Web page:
After giving the required notice, Arkansas terminated Planned Parenthood’s contract on September 14, 2015. Although state law provides a procedure for terminated providers to appeal the termination to the Department of Human Services, Planned Parenthood opted instead to find three women “who were willing to join the organization in a federal lawsuit.”
These “Janes Does” and Planned Parenthood filed a federal civil rights lawsuit under 42 U.S.C. § 1983. The U.S. District Court for the District of Arkansas issued a preliminary injunction to block the state from suspending the flow of taxpayer money to the abortion provider while the case is ongoing.
The issue before the Eighth Circuit on appeal is whether Planned Parenthood can invoke the federal civil rights statute to assert a legal claim for the money. “Section 1983 provides a cause of action against any person who, under color of law, subjects a citizen to the deprivation of any rights secured by the laws of the United States,” Colloton wrote.
“General speaking, § 1983 supplies the remedy for vindication of rights arising from federal statutes,” Colloton continued. Quoting a seminal Supreme Court precedent on the issue, he added, “For legislation enacted pursuant to Congress’s spending power, however, the typical remedy for state noncompliance with federally imposed conditions is not a private cause of action for noncompliance but rather action by the Federal Government to terminate funds to the State.”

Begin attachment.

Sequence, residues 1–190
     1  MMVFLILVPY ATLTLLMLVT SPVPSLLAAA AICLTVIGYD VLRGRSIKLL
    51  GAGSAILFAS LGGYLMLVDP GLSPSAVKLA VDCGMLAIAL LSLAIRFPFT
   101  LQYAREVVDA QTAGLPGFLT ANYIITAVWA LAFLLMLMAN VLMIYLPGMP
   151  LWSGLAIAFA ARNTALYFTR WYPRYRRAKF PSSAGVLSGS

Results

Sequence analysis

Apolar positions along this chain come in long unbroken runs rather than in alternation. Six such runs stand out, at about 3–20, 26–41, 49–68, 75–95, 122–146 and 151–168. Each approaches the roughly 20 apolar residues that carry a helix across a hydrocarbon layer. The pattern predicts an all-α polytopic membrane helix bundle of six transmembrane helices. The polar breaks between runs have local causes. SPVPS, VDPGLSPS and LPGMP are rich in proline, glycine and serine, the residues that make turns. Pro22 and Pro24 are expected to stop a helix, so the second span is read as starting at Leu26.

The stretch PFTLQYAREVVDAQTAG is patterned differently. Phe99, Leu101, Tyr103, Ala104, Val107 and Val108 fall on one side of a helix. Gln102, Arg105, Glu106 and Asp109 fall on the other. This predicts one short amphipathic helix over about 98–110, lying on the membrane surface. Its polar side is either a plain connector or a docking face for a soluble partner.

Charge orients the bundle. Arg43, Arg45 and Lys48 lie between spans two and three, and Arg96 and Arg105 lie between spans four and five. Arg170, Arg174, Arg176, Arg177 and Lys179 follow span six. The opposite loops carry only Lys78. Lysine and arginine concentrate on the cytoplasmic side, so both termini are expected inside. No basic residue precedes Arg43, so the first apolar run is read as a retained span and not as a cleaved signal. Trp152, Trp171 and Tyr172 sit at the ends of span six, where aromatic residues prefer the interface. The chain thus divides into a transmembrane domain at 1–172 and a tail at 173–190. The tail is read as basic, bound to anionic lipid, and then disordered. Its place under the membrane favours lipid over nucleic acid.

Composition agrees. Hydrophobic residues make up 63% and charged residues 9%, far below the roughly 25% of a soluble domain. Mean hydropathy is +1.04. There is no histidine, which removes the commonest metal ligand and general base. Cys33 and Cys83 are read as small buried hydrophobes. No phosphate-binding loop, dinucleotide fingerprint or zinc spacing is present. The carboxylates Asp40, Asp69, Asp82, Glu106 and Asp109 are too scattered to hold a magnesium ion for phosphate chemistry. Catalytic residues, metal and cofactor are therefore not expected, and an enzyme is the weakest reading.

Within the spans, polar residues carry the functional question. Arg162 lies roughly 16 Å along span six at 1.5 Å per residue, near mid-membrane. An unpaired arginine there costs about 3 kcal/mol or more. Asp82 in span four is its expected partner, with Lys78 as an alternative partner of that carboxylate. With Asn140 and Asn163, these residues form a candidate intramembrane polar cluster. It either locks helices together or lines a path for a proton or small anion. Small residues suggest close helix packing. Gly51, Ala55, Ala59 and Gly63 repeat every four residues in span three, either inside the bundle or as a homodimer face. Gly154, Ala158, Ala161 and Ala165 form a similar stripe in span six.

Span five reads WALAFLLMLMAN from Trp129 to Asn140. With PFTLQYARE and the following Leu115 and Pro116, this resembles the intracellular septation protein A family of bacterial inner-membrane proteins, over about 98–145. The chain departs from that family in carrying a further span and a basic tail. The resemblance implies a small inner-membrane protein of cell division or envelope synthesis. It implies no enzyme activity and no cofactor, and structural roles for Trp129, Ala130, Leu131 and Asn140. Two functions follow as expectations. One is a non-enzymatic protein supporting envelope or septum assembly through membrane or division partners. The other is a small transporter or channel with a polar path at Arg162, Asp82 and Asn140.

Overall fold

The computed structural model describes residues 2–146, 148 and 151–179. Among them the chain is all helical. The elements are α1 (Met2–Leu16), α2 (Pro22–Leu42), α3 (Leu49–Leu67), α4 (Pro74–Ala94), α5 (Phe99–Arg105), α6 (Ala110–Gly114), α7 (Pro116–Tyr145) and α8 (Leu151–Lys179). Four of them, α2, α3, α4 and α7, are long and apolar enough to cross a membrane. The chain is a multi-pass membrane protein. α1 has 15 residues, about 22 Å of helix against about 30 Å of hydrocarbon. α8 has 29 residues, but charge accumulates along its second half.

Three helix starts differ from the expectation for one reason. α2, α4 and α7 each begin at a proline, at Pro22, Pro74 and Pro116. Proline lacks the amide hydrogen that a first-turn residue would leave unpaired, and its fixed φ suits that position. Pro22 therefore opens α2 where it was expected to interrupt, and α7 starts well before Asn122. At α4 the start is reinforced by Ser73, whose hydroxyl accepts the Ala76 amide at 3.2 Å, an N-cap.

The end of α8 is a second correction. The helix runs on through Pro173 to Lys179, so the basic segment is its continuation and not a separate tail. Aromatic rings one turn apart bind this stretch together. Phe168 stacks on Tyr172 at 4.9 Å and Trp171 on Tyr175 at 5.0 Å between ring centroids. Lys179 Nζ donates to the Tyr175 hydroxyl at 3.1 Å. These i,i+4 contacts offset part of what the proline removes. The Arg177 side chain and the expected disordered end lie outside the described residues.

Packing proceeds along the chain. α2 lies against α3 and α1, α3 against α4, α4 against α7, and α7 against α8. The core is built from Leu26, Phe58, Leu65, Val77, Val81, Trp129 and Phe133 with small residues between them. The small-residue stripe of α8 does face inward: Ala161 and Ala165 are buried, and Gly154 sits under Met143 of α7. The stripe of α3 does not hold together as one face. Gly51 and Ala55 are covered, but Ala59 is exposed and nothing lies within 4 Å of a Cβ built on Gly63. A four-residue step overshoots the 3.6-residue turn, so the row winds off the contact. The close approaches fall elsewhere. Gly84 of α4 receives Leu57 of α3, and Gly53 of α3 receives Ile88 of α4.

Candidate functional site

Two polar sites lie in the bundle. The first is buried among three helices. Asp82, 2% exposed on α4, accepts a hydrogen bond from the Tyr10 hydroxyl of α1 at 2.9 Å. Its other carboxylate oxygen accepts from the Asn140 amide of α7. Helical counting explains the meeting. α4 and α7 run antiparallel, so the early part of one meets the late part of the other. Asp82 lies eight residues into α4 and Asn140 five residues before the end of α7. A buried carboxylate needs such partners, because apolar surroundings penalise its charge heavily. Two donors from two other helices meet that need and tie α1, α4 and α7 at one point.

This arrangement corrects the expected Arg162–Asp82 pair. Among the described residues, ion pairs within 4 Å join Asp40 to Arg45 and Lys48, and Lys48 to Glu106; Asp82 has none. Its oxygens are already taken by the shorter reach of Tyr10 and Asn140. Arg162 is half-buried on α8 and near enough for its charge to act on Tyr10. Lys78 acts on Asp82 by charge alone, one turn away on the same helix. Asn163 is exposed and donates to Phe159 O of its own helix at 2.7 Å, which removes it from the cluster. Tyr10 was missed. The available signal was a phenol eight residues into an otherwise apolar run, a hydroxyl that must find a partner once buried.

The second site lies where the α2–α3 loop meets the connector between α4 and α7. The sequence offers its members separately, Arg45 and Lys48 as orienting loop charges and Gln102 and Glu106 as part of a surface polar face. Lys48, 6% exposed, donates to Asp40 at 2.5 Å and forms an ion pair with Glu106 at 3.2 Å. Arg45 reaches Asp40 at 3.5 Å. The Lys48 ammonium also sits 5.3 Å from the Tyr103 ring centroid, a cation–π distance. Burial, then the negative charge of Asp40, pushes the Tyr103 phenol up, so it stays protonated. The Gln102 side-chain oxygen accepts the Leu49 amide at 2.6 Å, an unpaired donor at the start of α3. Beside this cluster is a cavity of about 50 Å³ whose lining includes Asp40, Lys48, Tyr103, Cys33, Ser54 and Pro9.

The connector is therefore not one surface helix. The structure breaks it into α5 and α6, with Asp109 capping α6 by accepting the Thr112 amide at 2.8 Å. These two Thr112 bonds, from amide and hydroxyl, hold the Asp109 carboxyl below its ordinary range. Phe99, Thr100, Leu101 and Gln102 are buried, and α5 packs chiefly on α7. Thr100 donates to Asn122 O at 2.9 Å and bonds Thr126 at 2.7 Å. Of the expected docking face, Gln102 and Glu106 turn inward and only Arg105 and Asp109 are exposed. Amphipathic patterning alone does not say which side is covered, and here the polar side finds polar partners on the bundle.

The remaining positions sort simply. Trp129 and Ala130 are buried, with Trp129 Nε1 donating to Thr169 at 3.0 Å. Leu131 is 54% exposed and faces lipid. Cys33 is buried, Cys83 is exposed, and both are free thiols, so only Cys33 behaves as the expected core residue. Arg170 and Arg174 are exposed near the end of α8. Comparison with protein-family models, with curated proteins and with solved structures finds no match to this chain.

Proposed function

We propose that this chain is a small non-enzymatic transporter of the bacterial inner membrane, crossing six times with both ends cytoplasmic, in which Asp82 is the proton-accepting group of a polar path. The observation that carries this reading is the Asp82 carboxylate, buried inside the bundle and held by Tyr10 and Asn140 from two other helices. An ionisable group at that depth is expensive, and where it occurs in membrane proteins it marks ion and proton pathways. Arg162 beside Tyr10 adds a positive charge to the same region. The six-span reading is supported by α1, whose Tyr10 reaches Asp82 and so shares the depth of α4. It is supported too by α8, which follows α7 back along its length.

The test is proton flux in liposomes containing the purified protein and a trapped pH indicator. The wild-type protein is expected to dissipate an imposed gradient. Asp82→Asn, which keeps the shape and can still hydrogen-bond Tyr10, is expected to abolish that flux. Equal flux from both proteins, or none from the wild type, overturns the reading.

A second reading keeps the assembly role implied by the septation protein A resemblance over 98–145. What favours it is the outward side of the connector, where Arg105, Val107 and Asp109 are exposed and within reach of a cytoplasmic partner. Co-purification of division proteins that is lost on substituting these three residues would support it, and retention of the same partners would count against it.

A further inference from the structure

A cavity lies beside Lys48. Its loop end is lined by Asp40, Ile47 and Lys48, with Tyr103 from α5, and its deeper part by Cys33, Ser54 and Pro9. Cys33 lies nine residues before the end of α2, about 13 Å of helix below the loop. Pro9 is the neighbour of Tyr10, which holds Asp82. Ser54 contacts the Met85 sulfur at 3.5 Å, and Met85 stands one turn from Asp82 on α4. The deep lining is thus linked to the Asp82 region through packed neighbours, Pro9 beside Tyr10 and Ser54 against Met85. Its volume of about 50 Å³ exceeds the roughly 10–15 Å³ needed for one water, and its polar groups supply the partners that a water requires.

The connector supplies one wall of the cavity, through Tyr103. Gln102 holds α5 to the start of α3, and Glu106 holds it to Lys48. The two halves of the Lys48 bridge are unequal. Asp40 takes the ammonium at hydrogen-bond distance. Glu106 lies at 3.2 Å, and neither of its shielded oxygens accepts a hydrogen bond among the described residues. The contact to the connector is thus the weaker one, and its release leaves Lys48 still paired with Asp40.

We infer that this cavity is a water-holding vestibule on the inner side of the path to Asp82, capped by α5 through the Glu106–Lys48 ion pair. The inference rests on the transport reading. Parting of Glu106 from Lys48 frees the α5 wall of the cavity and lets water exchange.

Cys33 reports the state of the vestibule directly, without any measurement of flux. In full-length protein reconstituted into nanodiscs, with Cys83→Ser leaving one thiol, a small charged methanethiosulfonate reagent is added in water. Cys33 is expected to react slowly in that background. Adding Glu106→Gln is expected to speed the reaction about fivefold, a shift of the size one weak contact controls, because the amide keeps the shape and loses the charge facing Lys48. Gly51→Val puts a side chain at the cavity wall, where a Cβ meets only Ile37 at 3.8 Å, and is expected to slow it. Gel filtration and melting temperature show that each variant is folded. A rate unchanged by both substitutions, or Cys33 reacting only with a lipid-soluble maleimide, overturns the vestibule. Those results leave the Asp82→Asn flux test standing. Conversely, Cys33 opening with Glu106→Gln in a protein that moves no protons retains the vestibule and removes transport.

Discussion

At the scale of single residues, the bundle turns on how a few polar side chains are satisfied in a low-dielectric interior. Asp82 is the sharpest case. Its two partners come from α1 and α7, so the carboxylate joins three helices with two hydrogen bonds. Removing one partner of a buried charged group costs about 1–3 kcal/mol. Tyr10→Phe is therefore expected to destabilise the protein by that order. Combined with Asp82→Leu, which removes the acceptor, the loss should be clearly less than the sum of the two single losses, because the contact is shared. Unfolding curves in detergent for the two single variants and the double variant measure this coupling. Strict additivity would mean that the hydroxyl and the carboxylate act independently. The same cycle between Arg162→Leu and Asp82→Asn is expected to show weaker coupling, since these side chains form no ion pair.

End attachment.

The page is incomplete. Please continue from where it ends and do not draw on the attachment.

“To support an action under § 1983, a plaintiff relying on a federal law must establish that Congress clearly intended to create an enforce a federal right,” the panel opinion added. Although the Supreme Court recognized such a statutory right to Medicaid payments back in 1990 in Wilder v. Virginia Hospital Association, the Eighth Circuit noted that later in 2002 the Supreme Court declared “that the governing standard for identifying enforceable federal rights in spending statues is more rigorous” than the standard applied in 1990.
“It is now settled that nothing short of an unambiguously conferred right will support a cause of action under § 1983,” the appellate court declared, adding that the Supreme Court’s 2015 case Armstrong v. Exceptional Child Center made clear that this higher for the federal civil rights statute applies to Medicaid claims like Planned Parenthood’s here.